It’s an interesting contrast. Vito’s eldest son, Sonny, is so eager to replace his father as a criminal mastermind that his shortsightedness gets him killed, putting Michael in line to take over the family business, a path Vito never intended. The only ambitions of Michael’s eldest son, Anthony, lead him to becoming an opera singer. With Michael’s daughter, Mary, the lynchpin of his attempts to legitimize, Michael has nowhere to turn but his nephew, Vincent, Sonny’s illegitimate son, to serve as the new Don.

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Coppola’s new ending seems to tread on the subtitle as more of a symbolic notion of the main character’s death, rather than the literal one that seemed tacked onto the original theatrical cut.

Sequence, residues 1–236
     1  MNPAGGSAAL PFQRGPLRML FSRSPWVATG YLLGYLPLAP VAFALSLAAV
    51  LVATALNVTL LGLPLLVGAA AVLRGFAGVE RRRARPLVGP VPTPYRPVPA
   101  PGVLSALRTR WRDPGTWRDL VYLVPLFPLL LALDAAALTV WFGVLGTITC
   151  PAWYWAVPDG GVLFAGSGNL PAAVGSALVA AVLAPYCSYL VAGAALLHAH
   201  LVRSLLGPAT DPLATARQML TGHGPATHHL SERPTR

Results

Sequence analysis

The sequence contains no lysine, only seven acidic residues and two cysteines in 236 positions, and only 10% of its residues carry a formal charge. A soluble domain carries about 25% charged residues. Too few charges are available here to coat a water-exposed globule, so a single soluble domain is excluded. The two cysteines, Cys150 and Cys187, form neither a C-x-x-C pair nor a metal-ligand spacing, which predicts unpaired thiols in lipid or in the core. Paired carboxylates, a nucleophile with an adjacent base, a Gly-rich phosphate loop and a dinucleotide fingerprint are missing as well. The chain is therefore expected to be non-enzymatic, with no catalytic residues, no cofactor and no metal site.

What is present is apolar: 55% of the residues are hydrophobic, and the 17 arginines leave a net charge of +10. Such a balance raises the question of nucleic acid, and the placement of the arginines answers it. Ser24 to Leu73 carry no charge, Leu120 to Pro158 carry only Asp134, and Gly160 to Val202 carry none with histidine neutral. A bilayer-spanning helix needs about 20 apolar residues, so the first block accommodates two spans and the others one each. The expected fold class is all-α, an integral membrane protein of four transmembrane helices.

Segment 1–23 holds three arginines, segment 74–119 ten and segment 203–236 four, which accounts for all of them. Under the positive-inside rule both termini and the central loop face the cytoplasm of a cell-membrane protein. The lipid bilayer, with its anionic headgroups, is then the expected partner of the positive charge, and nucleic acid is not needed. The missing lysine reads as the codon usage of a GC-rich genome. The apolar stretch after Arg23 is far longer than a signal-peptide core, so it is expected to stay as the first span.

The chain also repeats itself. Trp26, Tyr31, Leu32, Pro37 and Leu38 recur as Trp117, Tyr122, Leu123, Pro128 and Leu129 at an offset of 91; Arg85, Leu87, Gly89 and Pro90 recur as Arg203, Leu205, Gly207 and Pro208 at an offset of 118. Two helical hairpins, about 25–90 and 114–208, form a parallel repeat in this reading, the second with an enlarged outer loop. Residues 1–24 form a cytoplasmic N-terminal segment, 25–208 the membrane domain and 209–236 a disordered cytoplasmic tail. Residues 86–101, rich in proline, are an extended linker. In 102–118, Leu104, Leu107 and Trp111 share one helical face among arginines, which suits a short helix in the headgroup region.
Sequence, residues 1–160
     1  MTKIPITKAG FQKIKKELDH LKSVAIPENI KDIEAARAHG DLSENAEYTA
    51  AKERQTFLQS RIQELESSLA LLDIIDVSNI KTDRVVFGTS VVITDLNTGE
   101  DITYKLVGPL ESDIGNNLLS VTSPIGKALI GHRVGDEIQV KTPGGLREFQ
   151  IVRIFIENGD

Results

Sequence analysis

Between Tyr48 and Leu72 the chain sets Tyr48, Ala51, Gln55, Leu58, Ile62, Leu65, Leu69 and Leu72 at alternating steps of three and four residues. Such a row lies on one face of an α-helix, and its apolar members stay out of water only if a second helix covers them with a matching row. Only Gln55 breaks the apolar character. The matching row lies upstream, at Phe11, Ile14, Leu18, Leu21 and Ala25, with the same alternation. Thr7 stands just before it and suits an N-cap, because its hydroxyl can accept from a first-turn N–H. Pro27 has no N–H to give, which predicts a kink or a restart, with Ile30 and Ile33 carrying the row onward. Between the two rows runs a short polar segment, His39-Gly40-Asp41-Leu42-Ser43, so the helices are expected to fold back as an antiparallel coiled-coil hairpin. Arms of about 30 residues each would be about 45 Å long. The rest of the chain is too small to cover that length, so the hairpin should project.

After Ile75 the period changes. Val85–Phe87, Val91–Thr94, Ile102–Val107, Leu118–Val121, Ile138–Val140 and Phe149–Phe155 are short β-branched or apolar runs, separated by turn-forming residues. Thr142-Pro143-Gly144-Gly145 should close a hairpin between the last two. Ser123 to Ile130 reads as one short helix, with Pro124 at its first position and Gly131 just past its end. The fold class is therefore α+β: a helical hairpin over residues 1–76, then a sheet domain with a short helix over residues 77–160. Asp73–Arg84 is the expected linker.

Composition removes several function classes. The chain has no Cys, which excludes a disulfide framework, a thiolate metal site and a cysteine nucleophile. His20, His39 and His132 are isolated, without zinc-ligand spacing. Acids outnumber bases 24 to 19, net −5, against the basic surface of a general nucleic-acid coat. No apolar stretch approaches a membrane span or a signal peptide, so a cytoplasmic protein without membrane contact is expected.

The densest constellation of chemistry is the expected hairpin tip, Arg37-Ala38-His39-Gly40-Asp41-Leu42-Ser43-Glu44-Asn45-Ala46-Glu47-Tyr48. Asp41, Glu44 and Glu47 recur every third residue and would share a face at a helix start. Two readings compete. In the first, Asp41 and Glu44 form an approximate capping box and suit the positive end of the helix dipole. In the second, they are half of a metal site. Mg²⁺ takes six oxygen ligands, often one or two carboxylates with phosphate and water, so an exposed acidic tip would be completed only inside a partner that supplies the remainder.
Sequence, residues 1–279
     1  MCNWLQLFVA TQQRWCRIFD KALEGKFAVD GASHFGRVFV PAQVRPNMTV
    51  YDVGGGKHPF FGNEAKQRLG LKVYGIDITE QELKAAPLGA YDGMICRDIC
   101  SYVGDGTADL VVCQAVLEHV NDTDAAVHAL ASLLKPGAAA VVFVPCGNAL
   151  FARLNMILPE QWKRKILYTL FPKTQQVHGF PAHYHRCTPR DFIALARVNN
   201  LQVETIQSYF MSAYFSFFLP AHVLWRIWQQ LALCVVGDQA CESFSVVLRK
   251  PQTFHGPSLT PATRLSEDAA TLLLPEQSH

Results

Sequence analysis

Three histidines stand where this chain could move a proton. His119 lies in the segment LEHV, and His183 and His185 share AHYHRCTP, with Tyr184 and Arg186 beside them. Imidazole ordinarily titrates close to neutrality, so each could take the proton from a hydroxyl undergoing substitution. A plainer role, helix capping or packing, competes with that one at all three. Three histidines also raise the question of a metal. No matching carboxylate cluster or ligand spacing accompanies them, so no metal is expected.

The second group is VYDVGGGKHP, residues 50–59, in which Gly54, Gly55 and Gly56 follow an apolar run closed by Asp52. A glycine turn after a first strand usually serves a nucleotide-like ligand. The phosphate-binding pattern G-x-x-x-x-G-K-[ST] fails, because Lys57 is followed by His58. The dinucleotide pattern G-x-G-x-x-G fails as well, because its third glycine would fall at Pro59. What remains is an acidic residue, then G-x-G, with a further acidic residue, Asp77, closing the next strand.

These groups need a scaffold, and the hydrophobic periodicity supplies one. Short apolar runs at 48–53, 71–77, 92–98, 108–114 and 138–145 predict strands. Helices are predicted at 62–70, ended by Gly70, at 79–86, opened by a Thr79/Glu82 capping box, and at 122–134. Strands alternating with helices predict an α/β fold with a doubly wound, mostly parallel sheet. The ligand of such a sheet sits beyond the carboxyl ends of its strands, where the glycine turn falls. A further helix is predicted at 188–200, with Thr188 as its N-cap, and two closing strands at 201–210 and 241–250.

The further examination of Michael and his ill-fated attempts to scrub his sins are still the film’s greatest asset, even if Pacino’s portrayal seems more akin to his prototypical ’90s persona than his earlier performances as the character. The film’s most-glaring weakness, however, remains the casting of Sofia Coppola in the key role of Mary. The part had originally been intended for Julia Roberts, who dropped out due to scheduling conflicts, and then Winona Ryder, who left just before production due to nervous exhaustion, leaving the director to cast his own daughter in the role.